Thursday, June 12, 2014

Charles James: Beyond Fashion (Exhibition)

Background image: Metropolitan Museum of Art. Photo: Cecil Beaton/Vogue/Conde Naste Archives. Copyright Conde Naste.
Anyone headed to New York City this summer, the Charles James exhibition currently hosted by the Metropolitan Museum of Art (through August 10) is a must-see. The Anglo-American designer is considered the greatest US-based haute couturier of all times and the work on display is, in a word....extraordinary.
Nancy James in Charles James Swan Gown, 1955
Nancy James in Charles James "Swan" Gown, 1955
Courtesy of The Metropolitan Museum of Art, Photograph by Cecil Beaton, The Cecil Beaton Studio Archive at Sotheby's
Born in Great Britan, Charles James was first a milliner, opening a shop at the age of 19 in Chicago in 1926. Things did not work out there, so he packed up and moved to New York, opening another hat shop in Queens. Though he did spend time in Paris, the couturier was largely self taught. He is best known for transforming fashion through the innovative cut of his sculpted ball gowns and the interchangeable nature of his garments, a novelty of his day. It is said that James' work inspired Christian Dior in the creation of those famous "New Look" dresses.
Charles James with Model, 1948
Charles James with Model, 1948
Courtesy of The Metropolitan Museum of Art, Photograph by Cecil Beaton, Beaton / Vogue / Condé Nast Archive. Copyright © Condé Nast
The inaugural exhibition of the museum's newly renovated Costume Institute examines the career of the legendary couturier in two of its locations: the first floor special exhibitions gallery and the Anna Wintour Costume Center located on the ground floor. Charles James's design process, specifically his use of sculptural, scientific, and mathematical approaches to construct revolutionary ball gowns and innovative tailoring that continue to influence designers today, is the principal focus of this show. Some sixty-five signature designs produced by James over the course of his career, from the 1920s until his death in 1978 bear witness to an extraordinary talent, both aesthetically and technically.
Austine Hearst in Charles James Clover Leaf Gown, ca. 1953
Austine Hearst in Charles James "Four Leaf Clover" Gown, ca. 1953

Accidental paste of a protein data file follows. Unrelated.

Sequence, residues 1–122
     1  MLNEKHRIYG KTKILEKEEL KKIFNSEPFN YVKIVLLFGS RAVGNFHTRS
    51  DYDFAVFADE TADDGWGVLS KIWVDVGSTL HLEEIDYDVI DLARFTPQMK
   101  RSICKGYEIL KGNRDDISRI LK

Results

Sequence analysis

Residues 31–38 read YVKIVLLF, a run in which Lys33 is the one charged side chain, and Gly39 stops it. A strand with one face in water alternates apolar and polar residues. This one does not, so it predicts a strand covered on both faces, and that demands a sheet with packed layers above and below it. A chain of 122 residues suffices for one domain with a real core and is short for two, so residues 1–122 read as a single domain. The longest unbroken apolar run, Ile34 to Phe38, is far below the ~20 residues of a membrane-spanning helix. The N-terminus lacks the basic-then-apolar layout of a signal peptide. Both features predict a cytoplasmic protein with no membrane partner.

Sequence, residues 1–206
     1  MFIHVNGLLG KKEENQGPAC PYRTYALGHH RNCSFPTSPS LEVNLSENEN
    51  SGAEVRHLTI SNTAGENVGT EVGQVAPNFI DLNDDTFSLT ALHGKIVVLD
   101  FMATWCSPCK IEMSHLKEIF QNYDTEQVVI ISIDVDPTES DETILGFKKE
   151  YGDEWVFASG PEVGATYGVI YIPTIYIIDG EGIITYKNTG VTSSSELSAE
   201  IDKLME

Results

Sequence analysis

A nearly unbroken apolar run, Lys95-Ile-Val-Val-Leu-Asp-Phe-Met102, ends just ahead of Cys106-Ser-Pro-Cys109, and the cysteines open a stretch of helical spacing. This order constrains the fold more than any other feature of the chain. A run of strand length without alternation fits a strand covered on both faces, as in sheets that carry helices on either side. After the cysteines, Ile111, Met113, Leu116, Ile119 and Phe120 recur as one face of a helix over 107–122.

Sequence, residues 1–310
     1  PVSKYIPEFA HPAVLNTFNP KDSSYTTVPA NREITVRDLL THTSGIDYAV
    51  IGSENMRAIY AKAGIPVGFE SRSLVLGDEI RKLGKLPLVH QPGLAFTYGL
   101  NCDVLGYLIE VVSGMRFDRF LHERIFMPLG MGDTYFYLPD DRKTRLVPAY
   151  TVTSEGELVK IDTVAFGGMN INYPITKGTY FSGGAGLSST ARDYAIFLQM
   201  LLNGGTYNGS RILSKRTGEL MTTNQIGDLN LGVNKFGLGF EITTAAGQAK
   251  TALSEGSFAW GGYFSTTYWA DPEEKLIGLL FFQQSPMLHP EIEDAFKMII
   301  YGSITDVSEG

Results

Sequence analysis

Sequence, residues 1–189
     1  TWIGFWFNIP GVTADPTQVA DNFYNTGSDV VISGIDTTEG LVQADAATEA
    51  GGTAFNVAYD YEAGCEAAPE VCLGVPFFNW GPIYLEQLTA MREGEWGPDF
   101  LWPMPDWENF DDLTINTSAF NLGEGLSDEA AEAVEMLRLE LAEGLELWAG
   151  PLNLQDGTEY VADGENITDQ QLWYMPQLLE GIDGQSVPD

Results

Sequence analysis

Courtesy of The Metropolitan Museum of Art, Photographer Unknown, © Bettmann/CORBIS
At first glance the visitor is nearly overwhelmed by the resplendent glamour and impressive architecture of James's ball gowns. Within a dramatically lit, stark environment, stand James' most significant gowns including the "Clover Leaf," "Butterfly," "Tree," and "Swan" all dating from the late 1940s and early 1950s. Analytical animations, text, x-rays, and vintage images tell the story of each gown's intricate construction and history.
"Butterfly" Ball Gown, ca. 1955
"Butterfly" Ball Gown, ca. 1955
Brown silk chiffon, cream silk satin, brown silk satin, dark brown nylon tulle
The Metropolitan Museum of Art, New York, Purchase, Friends of The Costume Institute Fund, 2013 (2013.591)
The Anna Wintour Costume Center's Lizzie and Jonathan Tisch Gallery provides the technology and flexibility to dramatize James's craft. A pathway winds around a cruciform platform where the evolution and metamorphosis of James's day and evening wear are explored in four categories: Spirals & Wraps, Drapes & Folds, Platonic Form, and Anatomical Cut.
Ball Gown, 1949–50
Ball Gown, 1949–50
Red silk velvet, red silk satin, white cotton organdy
The Metropolitan Museum of Art, Brooklyn Museum Costume Collection at The Metropolitan Museum of Art, Gift of the Brooklyn Museum, 2009; Gift of Arturo and Paul Peralta-Ramos, 1954 (2009.300.2786)
Video animations focused on the most representative examples of his work are displayed on monitors, and live-feed cameras detailing the backs of garments, all of which are projected on the walls. The Carl and Iris Barrel Apfel Gallery highlights James's life and work via drawings, pattern pieces, dress forms, jewelry maquettes, scrapbooks, and accessories.



Photos and video courtesy of the Metropolitan Museum of Art, New York.



Follow us on Twitter: @FashDollStylist

No comments:

Post a Comment

We love hearing from you. Your comment will be published shortly.